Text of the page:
27 Cranberry McBrownstone Plans Denied by LPC

Hick Street resident/guest blogger Jeremy Lechtzin writes us, “This afternoon the Landmarks Preservation Commission unanimously denied the application [for new construction at 27 Cranberry Street].”

He adds that one LPC member suggested to the 27 Cranberry applicants “it’s time for a major rethinking” of their proposal.

Lechtzin adds that,  “LPC objected to the size (both height and depth), materials (brownstone, metal elements) and design (window placement, penthouse, etc.) so essentially he needs to come up with something completely different.”

BHB obtained photos of the planned design back in April. View them here.


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  • Quinn Raymond

    Good lord… I try to keep my comments respectful but that facade looks like it got whipped by a post-modern ugly stick. Gah… the cornice… the bay window… yikes.

  • lori

    Very similar to the “tootsie roll house” on Columbia Hts

  • Jeffrey j Smith

    This is an age of uglyness, binality and lack of serious thought.

  • Demonter

    Keep the design true to the historical genres of the neighborhood and the process will move forward easily. Good going LPC…

  • M on Willow

    Does anyone know who the developer is?

  • A Neighbor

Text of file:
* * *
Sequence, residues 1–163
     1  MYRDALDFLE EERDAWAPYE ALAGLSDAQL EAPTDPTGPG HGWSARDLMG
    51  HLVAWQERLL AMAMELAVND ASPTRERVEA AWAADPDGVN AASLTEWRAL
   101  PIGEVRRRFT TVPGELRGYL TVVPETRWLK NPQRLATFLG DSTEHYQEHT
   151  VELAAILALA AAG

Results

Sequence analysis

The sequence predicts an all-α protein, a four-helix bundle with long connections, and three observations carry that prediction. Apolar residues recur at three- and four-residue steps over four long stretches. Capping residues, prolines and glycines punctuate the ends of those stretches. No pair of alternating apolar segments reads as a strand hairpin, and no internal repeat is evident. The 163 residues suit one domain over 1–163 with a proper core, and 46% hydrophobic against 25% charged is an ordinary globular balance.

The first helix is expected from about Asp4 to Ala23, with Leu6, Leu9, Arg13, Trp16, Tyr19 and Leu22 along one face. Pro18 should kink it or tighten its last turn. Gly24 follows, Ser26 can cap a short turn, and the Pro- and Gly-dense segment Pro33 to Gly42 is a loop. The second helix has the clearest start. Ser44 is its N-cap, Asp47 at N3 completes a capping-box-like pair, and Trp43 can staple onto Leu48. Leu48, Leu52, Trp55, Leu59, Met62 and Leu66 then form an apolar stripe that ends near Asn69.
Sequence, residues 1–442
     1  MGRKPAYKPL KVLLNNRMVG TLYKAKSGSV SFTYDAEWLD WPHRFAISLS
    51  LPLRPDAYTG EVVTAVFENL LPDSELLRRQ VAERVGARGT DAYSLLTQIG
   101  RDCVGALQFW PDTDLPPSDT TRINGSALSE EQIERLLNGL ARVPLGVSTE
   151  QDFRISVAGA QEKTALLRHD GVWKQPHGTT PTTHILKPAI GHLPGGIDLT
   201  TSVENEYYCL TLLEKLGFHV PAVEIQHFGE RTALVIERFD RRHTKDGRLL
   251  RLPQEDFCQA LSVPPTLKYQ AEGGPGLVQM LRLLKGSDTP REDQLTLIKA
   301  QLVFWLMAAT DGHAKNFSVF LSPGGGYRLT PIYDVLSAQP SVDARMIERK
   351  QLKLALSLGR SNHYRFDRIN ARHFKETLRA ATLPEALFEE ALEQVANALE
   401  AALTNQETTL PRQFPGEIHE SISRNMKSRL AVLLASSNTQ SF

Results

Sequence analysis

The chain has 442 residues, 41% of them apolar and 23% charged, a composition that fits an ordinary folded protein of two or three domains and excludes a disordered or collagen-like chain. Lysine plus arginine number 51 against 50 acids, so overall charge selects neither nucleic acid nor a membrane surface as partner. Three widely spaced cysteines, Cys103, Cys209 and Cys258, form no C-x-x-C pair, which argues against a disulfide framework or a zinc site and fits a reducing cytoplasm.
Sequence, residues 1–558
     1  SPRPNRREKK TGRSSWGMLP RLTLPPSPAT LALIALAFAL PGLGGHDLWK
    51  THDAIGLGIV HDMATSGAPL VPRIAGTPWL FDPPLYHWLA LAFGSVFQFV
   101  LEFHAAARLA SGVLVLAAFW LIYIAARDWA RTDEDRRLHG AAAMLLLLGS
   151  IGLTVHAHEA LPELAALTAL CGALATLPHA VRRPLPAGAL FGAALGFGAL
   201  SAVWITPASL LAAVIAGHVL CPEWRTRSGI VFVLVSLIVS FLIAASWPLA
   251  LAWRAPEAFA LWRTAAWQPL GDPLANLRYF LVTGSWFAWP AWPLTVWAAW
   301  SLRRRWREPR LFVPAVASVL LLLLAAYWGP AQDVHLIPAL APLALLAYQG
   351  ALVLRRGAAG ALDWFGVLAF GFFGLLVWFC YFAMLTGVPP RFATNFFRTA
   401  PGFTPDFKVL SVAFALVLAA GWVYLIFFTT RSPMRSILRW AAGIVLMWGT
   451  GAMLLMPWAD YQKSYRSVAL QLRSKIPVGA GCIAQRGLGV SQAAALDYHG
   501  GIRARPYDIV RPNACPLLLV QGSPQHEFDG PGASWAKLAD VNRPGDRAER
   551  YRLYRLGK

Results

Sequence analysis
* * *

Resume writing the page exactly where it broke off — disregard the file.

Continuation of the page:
This from a preservationist — and not a defense of the design. It is 2011, guys. It is simply bad design to do imitation 18th century buildings.

  • Cranberry Beret

    If you look at the comments from lpc posted in the other thread, I think the main concern was the McMansion aspect. They don’t want a supersized house, whether it’s imitation historical or modern.

  • carol

    I can just hear the residents of Brooklyn Heights (c. 1850), living in their lovely wooden federal houses or the handsome plain brick Greek revival houses, muttering about the new over scaled, ostentatious Italianate brownstones that were cropping up in the neighborhood. “Much too large” “The ornament is very tasteless, in fact, gaudy” “I much prefer brick to this new somber brownstone material” “Why does one need such a large home?”

  • my2cents

    I agree with “A neighbor.” Look at that piece of fake historicist crap they just built over Sleepy’s on Montague. Thanks to the LPC. That building could have been cool, but now it’s one of the most forgettable on the block. I agree that scale should be appropriate, but I don’t think the new building should be required to imitate the surrounding structures. From a purely legal point of view, if the guy is obeying the zoning regulations, shouldn’t he be allowed to build whatever he wants on his land? He isn’t tearing anything down.

  • Cranberry Beret

    Like I wrote above, I don’t think LPC said anything about requiring an imitation or historicist building.  If anything, something like the sleepys building or the new Pineapple Street building reflects lack of creativity by the architect for assuming LPC wants something imitative, instead of thinking hard about how to design a contextual modern building.  LPC reacts to what’s presented to them – if someone shows up with something inoffensive to the point of bland, they can try to nudge the architect in a different direction but it’s hard for them to justify an outright no.  BTW, like it or hate it, the landmarks law is layered on the zoning law – doesn’t matter if it’s a new building or a renovation.